21. Old Viper Tester

    Chasing a Falcon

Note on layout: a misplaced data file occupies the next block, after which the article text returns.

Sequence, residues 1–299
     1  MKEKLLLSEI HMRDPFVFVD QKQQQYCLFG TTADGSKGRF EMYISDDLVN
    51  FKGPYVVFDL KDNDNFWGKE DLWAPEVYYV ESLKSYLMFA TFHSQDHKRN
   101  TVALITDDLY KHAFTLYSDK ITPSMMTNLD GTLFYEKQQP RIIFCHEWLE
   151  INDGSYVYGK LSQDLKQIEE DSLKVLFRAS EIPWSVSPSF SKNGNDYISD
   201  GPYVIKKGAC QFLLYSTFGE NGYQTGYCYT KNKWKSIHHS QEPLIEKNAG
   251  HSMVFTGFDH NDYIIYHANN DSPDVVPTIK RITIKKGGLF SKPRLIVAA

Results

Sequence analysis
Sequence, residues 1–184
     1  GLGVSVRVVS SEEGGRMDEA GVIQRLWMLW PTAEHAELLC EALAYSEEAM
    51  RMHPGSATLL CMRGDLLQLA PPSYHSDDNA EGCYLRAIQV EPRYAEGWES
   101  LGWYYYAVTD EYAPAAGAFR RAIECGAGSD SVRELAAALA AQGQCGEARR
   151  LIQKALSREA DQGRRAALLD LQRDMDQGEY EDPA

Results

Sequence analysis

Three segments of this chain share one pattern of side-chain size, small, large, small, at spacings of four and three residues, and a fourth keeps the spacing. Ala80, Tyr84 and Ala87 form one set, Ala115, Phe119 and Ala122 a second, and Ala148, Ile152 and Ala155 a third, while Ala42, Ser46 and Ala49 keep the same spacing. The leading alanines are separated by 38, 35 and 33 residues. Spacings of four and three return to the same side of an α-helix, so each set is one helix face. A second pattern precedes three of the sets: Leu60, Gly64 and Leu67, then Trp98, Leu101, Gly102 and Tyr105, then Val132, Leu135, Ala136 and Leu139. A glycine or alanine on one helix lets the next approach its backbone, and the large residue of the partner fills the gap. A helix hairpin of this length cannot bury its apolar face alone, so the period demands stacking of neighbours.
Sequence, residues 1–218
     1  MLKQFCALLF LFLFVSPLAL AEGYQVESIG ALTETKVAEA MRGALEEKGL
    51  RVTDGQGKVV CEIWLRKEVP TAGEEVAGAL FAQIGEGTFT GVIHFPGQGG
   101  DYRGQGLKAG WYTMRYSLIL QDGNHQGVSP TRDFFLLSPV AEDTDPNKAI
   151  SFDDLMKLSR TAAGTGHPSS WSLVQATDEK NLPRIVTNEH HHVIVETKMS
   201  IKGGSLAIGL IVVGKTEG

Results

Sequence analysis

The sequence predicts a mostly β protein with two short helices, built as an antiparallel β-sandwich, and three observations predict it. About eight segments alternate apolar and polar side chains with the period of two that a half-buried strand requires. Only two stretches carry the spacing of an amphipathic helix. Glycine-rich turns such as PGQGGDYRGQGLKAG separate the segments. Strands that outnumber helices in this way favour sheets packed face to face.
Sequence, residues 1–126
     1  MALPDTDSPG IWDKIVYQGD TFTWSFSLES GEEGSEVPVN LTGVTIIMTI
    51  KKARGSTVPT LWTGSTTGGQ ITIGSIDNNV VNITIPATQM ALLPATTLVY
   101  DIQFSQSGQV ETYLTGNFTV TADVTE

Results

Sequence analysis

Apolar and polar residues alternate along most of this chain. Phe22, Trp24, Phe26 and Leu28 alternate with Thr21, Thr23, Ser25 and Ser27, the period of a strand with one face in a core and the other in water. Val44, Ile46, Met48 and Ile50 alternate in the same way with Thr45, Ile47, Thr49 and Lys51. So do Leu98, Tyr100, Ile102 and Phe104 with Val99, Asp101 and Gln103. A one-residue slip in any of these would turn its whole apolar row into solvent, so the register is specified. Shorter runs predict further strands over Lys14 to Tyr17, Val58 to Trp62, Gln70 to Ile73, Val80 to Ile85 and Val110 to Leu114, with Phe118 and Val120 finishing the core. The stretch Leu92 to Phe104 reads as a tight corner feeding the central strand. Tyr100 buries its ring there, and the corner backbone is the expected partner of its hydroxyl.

The 6512th Test Squadron, aka "Test Ops", at Edwards AFB was responsible for providing test support to the major test teams under the 6510th Test Wing. While a test team like the F-16 Combined Test Force 'owned' their own test pilots and test aircraft, Test Ops provided support aircraft and crews as required. In the 1980s, Test Ops aircraft were primarily A-7Ds, A-37Bs, NKC-135s (often on detachment from the 4950th Test Wing at Wright-Patterson), various models of the F-4, and T-38s. Test Ops also performed what was referred to as 'Cats 'n' Dogs' testing. Usually small test programs that didn't warrant creating a large, dedicated test force. The HU-25B was one of these test programs, sponsored by the US Coast Guard. The original HU-25 flight testing was performed by Dassault, certification for the USCG relying heavily on the FAA certification of the Falcon 20 biz jet, from which the HU-25 was derived. Addition of mission pods is not normally covered by the FAA, so when the HU-25B was proposed, a separate test program was required to cover the effects of carrying Side-Looking Airborne Radar and other sensor pods under the wings and fuselage was required. The program was assigned to Test Ops in 1983. The aircraft provided (2118) was fitted with special instrumentation to collect data for aircraft performance, flying qualities, and structural loads. I got to participate as a safety chase observer for one of their missions in May 1983... 2118 with a Yaw and Pitch sensor nose boom installed. The silver strips at the base of the vertical tail are strain gauges covered with silver "speed tape". That big pod mounted under the forward fuselage decreases the lateral stability of the aircraft, thus the vertical tail might work harder to keep the aircraft on its intended path. The nose legend reads "EDWARDS" beneath the aircraft number. The left side view show additional speed tape covering the wiring and sensors to measure rudder hinge loads. They also did an icing test for the pods at some point... That's NKC-135A, s/n 55-3128, the long serving icing tanker. '128 belonged to the 4950th Test Wing, which is why it carried the Aeronautical System Division (ASD) blue tail band outlined in yellow. The aircraft could still serve as a refueler, but it had its plumbing modified so that a fuselage fuel tank could be isolated and filled with water. A control station was installed to vary pump speed/droplet size. A spray ring is installed at the end of the refueling boom - installation similar to fitting a refueling drogue. The water contained dye for better visualization of ice build-up, hence the yellow ice adhering to the sensor pods. As for 2118, when the test program was over, the flight test instrumentation was removed and the aircraft eventually found its way to the Sacramento USCG station. It's since been retired and is now in the Aerospace Museum of California. Thanks for looking, Sven